“You will always be friends” the counselor told us. We were too entwined and besides, she had seen it repeatedly in the women’s community, a fluidity of friends and lovers staying connected despite everything. I said nothing but promised myself, “Oh no, we won’t”. For me, the counseling sessions were entirely a mechanism to safely disengage for good.
“You will always be friends” the counselor told us. We were too entwined and besides, she had seen it repeatedly in the women’s community, a fluidity of friends and lovers staying connected despite everything. I said nothing but promised myself, “Oh no, we won’t”.
We had met maybe two years earlier when we were both in medical training. She was smart, mischievous, insistent and full of life. When she turned her charm on me, I couldn’t resist. I needed a friend, and this morphed into a lover. When she rearranged her life to follow me to another city, I passively agreed.
That year of living together was full of emotionally exhausting adventures—there were her new friends, work dramas, accusations of being too distant, and then her infidelity. I was ready to leave but feared the confrontation; she was volatile and insisted we should stay together even though she claimed the problems were all my fault. We agreed to see a counselor.
The counselor helped us negotiate a temporary separation. I developed other friends and found a new place to stay as quickly as I could, untangling myself emotionally and physically, watching from a distance–the closer you are, the more vulnerable you are to unpredictable love and hate. Then things got truly crazy.
It is not possible to sensibly recount what happened over the following year. The intensity of personality that had attracted me like a bright star continued to become more unstable and exploded as if in a supernova of psychotic destruction. It was a disaster you could see coming but couldn’t stop, and impossible to completely look away. Events included involuntary hospitalizations, recruiting friends to break her out of the hospital (more than once), recording all her brilliant ideas onto a tape recorder she carried with her, calling friends and family together with threats of violence to her pets and others, a snap wedding to her social worker, and essentially burning every professional and personal bridge she ever had. The details were both morbidly fascinating and repellent. You will have probably recognized full-on mania from this description. I learned how traumatic mental illness can be for everyone.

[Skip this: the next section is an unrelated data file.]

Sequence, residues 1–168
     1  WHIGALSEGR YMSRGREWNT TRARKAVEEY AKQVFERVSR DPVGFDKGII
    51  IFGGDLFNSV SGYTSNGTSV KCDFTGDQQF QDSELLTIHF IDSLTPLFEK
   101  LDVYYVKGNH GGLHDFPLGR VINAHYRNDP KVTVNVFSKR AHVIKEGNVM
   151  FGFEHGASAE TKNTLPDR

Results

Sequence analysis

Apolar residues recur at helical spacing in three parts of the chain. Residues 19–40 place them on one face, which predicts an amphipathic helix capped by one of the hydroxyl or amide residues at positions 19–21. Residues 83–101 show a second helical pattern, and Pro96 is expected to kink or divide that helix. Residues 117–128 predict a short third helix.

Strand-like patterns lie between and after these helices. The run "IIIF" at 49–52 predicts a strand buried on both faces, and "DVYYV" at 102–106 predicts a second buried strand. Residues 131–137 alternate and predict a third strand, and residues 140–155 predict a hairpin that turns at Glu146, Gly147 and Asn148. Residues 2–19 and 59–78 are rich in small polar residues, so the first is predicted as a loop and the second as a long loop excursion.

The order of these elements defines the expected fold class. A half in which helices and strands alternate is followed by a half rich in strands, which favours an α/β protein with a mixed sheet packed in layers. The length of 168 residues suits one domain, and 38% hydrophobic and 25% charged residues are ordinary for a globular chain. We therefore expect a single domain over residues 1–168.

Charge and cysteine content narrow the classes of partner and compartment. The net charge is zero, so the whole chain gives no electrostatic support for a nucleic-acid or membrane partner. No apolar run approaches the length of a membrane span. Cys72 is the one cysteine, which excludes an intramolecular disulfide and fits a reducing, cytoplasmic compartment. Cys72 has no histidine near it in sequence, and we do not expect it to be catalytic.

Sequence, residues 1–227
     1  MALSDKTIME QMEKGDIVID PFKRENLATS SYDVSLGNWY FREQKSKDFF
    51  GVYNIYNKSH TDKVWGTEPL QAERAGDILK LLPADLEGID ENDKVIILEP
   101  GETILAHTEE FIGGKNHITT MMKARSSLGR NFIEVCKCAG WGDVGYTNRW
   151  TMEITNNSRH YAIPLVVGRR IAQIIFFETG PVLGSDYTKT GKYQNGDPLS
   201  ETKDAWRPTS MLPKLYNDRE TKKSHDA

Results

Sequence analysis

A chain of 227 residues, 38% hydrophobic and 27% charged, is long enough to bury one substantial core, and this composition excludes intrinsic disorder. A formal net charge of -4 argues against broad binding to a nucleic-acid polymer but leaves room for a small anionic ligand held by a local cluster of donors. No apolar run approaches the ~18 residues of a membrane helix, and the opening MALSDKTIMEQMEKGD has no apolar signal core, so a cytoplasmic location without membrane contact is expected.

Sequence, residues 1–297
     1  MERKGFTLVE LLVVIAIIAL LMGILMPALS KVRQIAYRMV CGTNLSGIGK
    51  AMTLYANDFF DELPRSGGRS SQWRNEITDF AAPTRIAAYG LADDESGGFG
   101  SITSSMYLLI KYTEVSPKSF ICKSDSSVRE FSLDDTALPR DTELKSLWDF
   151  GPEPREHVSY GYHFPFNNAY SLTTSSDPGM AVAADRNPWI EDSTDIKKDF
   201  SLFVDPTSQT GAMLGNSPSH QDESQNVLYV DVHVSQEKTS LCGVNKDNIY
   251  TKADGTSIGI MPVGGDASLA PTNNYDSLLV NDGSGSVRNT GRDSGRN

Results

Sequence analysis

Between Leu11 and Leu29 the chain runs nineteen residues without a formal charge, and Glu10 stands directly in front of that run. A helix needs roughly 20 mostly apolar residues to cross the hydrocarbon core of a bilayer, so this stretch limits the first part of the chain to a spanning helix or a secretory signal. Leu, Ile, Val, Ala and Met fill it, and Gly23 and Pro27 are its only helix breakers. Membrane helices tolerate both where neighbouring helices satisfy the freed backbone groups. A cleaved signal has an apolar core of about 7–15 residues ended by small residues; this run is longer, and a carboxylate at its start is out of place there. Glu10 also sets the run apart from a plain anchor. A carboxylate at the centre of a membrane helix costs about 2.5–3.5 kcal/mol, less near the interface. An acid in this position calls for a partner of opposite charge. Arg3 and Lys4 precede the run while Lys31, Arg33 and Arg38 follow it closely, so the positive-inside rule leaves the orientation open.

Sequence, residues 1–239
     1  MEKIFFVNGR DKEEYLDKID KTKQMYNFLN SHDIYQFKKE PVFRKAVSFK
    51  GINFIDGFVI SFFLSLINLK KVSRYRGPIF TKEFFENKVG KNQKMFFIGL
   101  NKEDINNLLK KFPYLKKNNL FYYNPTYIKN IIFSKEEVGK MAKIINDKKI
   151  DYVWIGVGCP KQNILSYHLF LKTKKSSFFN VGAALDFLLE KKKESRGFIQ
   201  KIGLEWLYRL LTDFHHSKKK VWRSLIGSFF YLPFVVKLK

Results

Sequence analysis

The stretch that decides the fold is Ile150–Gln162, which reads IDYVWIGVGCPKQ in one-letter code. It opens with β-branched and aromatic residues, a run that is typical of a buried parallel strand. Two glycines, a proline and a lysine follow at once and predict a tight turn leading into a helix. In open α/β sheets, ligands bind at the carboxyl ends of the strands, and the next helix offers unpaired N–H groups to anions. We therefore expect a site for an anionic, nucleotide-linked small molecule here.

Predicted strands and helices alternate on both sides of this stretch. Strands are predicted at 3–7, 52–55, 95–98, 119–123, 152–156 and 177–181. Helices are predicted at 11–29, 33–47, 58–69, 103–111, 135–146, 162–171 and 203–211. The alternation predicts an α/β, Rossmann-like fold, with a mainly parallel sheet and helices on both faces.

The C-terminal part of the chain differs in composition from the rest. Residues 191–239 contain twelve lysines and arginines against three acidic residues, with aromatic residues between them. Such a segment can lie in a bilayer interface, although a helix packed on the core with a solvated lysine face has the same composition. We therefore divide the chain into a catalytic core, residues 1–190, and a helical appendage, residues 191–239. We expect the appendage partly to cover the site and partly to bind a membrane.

By this time, I had receded to the periphery—close enough to follow the story but far enough not to be completely sucked into the black hole of drama. She did show up at my door some months later at 3 am wondering if I might want to buy into a great business opportunity owning a gas station; I didn’t let her in and politely declined.
I found out that she blamed her break on an unregulated thyroid gland, and ultimately must have gotten on some medicines that helped. She managed to resume her medical career in another state and at some point I got some Christmas cards that showed her and another woman with some children. All good, but I didn’t write back. Once I saw her at a conference and we acknowledged each other without really engaging. That was the last time. Contrary to the counselor’s prediction, I determinedly did not stay friends with her.
Decades passed, and last year I got curious and decided to google. I found a recent newspaper article referencing an unsuccessful run for office, dismissal from employment, and arrest for threatening a store clerk with a gun–which I read as a story of someone out of control and likely off medication.
It is not easy to stay with someone with mental illness. There is a tension between wanting to provide love and support, and self-preservation. I’m sorry my ex-friend’s life has been so hard but am happy not to have shared more of it.